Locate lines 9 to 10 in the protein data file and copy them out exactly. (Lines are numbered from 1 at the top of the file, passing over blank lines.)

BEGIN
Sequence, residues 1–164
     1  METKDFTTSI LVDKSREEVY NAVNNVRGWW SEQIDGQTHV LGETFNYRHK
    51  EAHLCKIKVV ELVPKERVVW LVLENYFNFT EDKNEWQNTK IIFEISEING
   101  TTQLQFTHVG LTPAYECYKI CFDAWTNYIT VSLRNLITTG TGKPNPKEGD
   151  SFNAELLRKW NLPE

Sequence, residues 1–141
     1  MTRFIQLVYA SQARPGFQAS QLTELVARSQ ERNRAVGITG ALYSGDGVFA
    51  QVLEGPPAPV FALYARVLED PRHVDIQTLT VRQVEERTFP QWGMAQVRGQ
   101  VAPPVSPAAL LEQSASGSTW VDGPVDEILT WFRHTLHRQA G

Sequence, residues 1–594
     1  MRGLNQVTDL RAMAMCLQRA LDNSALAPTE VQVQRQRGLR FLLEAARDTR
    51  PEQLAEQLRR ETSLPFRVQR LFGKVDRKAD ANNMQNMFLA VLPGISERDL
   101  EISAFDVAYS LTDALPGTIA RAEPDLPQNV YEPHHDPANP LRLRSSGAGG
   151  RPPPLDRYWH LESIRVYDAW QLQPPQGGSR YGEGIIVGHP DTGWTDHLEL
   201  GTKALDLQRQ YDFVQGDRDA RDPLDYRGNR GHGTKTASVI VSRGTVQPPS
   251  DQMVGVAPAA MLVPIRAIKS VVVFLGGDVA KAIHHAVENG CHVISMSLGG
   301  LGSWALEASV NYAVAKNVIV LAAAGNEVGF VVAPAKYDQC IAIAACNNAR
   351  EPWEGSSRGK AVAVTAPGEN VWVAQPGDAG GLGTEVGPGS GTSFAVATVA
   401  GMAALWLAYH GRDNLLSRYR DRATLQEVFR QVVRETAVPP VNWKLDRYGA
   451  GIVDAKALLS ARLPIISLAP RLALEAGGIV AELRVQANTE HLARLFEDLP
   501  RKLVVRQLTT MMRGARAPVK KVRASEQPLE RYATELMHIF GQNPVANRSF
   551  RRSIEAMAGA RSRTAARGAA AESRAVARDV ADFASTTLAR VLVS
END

   101  VAPPVSPAAL LEQSASGSTW VDGPVDEILT WFRHTLHRQA G

Sequence, residues 1–594